The referendum on Greek life is still on hold, but discussions on its future are already moving forward.
Joyce Wu ‘15, who started the petition for a referendum, organized the first of a series of campus-wide discussions aimed at addressing issues raised in the past couple of days both with the Greek organizations and with the referendum itself.
Wu, fraternity and sorority members, and unaffiliated individuals met on Thursday evening, launching into a discussion exploring three major themes: a perceived unsafe environment associated with Greek life, administration involvement, and the use of spaces.
The Presidents of both fraternities and leaders of Kappa Alpha Theta also voiced concerns about the referendum, explaining the hostile attack they believed it represented. Wu in turn apologized for the abruptness of the petition and recognized the tension created the lack of discussions leading up to the petition’s creation.
Despite moving rooms twice beforehand, the classroom in Kohlberg still seemed too small for the vast turn-out, with students crowded at desks, grouped together on the floor, and spilling out into the hallway.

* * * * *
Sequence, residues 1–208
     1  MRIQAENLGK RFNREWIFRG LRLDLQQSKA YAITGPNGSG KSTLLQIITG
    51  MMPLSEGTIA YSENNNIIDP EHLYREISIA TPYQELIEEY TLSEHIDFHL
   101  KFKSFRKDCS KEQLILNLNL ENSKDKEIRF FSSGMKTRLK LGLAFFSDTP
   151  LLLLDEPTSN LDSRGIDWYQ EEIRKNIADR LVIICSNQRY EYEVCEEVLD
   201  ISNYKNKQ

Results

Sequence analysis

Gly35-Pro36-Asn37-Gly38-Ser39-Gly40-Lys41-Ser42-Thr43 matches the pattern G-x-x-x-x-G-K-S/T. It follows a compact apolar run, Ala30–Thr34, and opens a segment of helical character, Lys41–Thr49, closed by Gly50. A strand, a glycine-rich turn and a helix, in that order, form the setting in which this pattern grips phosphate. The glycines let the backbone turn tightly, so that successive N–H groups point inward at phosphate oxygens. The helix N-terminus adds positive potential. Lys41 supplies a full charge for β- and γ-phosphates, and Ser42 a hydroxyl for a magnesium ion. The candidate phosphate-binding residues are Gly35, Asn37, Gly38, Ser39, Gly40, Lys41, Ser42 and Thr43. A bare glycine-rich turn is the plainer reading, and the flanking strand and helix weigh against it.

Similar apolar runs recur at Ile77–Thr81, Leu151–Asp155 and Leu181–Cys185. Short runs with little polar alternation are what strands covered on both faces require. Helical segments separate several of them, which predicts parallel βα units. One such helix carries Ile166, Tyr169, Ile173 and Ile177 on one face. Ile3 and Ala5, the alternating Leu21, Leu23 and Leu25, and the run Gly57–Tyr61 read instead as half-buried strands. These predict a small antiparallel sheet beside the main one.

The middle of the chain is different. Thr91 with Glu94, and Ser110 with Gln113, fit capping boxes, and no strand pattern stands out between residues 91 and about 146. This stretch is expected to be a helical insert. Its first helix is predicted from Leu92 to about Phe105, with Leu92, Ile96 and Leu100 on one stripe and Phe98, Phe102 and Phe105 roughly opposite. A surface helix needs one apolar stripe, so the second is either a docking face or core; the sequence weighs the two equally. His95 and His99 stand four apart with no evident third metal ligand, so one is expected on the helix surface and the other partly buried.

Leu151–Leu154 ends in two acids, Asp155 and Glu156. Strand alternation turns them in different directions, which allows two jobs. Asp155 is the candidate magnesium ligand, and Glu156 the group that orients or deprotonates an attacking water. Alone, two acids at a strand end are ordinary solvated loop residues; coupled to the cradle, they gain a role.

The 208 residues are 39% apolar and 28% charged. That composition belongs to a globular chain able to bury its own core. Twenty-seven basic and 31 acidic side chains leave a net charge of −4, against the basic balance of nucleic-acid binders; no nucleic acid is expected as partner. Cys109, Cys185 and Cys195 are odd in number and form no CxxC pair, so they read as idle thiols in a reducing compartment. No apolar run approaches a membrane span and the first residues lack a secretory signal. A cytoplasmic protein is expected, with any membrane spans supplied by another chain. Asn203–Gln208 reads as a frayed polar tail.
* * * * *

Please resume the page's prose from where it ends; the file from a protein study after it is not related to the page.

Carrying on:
Wu said she had intended for this to be a planning meeting for future discussions and was not expecting over twenty people. With such a large group in attendance she said she decided to use the first meeting to get a feel for the topics that future discussions should focus on.
“I was really glad that so many people showed up. I think it bodes well for the future,” Wu said.
Delta Upsilon President Rory McTear ’13, Vice President Zach Nacev ’13, and Phi Psi President Zach Schaffer ’14 also shared similar sentiments and said they are looking forward to working with non-affiliated students who have been passionate and vocal in the past two weeks.
In reference to allegations of sexual misconduct and abuse, students cited a need for stronger repercussions for fraternity members who behave inappropriately and irresponsibly. Many also voiced disappointment with the administration’s lack of timely and appropriate response to such events in previous years.
As students continue to grow more vocal in their demands for change, these concerns have travelled quickly throughout campus, sparking responses from students and faculty alike. In a campus-wide email sent Monday morning, Dean Liz Braun asserted that the Dean’s Office is committed to improving the way in which such issues are approached.